McConnell: Net neutrality bill 'dead on arrival' in Senate

Majority Leader Mitch McConnellAddison (Mitch) Mitchell McConnellPelosi: Congress will receive election security briefing in July Adam Scott calls on McConnell to take down 'Parks & Rec' gif Trump says he spoke to Pelosi, McConnell on border package MORE (R-Ky.) said Tuesday that the Senate won't take up a net neutrality bill currently before lawmakers in the House.

“Dead on arrival in the Senate,” McConnell told reporters about the fate of the House bill, which is expected to get a vote in that chamber this week.

The bill would reinstate regulations put in place by the Federal Communications Commission (FCC) requiring internet service providers to treat all web traffic equally.

The Obama-era rules prohibited internet service providers from blocking or throttling web content or from creating so-called internet fast lanes.

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The bill is expected to easily pass the Democrat-controlled House despite a veto threat from the White House. The Office of Management and Budget (OMB) said the Trump administration “strongly opposes” the bill, dubbed the Save the Internet Act.

Republicans tried, without success, to amend the Democrats' bill in committee, including undercutting the FCC's authority to enforce the rules. They also called for Democrats to come up with a compromise bill that would establish less oversight of the broadband industry.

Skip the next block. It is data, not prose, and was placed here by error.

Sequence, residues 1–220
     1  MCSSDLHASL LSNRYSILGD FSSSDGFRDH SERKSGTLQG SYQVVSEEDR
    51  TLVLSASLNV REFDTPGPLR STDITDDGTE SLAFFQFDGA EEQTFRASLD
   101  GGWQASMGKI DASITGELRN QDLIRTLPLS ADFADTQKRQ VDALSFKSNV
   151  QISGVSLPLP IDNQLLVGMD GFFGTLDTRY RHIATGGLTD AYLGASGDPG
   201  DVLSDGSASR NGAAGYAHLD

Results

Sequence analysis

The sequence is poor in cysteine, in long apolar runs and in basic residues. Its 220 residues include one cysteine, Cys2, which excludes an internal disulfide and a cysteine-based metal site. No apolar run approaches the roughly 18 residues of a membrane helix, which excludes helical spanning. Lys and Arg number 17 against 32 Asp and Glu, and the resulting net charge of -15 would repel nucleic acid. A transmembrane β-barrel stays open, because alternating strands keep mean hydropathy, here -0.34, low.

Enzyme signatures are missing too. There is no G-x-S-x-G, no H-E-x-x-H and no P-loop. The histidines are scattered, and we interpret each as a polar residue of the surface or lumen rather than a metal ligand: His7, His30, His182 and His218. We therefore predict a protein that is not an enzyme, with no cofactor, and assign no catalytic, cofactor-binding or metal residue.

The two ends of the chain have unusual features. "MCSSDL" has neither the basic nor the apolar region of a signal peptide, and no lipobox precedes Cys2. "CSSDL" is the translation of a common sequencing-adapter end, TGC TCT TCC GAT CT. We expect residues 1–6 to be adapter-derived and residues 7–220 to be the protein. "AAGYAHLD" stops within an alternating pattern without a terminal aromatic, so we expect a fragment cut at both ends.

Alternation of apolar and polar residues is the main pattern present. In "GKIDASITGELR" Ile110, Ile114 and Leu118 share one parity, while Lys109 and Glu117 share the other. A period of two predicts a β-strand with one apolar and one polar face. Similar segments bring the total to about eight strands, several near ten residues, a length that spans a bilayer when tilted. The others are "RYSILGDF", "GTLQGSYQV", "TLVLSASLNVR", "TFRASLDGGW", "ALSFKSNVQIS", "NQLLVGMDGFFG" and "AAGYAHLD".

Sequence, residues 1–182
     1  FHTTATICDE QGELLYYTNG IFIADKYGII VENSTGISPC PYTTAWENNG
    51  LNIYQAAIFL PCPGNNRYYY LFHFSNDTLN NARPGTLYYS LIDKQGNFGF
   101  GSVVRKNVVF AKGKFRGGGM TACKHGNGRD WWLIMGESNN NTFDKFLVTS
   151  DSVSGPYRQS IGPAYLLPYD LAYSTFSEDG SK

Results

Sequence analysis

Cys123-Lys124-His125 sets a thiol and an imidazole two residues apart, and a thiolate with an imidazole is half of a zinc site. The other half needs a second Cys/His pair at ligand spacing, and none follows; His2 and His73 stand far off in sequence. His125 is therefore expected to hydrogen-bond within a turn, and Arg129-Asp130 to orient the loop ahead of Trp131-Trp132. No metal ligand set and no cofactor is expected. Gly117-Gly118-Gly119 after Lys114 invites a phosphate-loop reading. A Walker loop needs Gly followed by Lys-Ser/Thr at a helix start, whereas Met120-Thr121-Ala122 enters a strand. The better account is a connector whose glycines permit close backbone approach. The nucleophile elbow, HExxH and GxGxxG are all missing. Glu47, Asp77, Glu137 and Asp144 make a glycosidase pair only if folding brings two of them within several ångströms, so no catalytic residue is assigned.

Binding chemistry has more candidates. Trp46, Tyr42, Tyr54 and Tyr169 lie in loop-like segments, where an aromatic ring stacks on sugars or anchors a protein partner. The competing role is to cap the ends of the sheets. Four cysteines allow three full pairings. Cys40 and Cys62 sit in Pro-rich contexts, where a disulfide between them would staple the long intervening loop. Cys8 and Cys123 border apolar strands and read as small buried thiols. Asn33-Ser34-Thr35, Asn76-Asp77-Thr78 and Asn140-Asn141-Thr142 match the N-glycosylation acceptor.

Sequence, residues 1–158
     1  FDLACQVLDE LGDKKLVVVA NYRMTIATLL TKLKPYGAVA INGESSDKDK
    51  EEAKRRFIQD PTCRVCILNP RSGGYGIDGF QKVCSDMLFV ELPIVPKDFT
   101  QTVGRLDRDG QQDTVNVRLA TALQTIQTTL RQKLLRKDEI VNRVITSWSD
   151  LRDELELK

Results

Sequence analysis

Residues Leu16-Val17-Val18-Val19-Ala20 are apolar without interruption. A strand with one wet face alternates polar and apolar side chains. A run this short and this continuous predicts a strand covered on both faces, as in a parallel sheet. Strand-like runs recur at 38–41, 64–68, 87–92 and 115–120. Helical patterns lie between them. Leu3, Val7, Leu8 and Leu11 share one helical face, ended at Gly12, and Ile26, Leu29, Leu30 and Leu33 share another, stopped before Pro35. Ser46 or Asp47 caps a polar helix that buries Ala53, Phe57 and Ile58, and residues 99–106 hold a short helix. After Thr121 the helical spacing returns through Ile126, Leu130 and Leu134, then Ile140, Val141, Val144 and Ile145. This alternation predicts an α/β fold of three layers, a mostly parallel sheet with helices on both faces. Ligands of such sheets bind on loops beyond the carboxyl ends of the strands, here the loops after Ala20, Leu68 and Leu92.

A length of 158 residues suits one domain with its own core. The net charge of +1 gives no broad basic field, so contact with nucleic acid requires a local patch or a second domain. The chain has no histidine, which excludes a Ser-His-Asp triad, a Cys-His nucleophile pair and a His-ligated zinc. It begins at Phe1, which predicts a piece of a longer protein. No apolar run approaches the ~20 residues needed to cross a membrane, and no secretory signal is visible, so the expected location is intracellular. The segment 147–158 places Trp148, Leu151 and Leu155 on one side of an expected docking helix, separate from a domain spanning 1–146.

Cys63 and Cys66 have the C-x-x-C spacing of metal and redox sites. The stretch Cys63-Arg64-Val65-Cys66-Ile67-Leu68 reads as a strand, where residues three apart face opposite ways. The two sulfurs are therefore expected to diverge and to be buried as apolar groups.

A majority of the Senate voted last year to reinstate the Obama-era FCC’s net neutrality rules.

Democrats were able to force the 2018 vote under the Congressional Review Act, which allows Congress, with a majority vote in each chamber and the president's signature, to overturn recent agency moves.

Three Republicans — Sens. Susan CollinsSusan Margaret CollinsTrump says he's 'very happy' some GOP senators have 'gone on to greener pastures' Susan Collins: Trump's 'she's not my type' defense is 'extremely bizarre' The Hill's Morning Report - In exclusive interview, Trump talks Biden, Iran, SCOTUS and reparations MORE (Maine), Lisa MurkowskiLisa Ann MurkowskiTrump says he's 'very happy' some GOP senators have 'gone on to greener pastures' Pressure builds to secure health care data Trump plan to strip public land conservation fund gets bipartisan pushback MORE (Alaska) and John KennedyJohn Neely KennedyMORE (La.) — joined the then-49 Senate Democrats to pass the bill, 52-47. The effort later died in the House last year, which was at that time controlled by Republicans.

The new legislation has long odds of passing the GOP-controlled Senate. Democrats now hold 47 seats in the chamber, after Republicans netted two additional seats during the November midterm election. And the 60-day window for forcing a vote on the bill under the Congressional Review Act lapsed last year.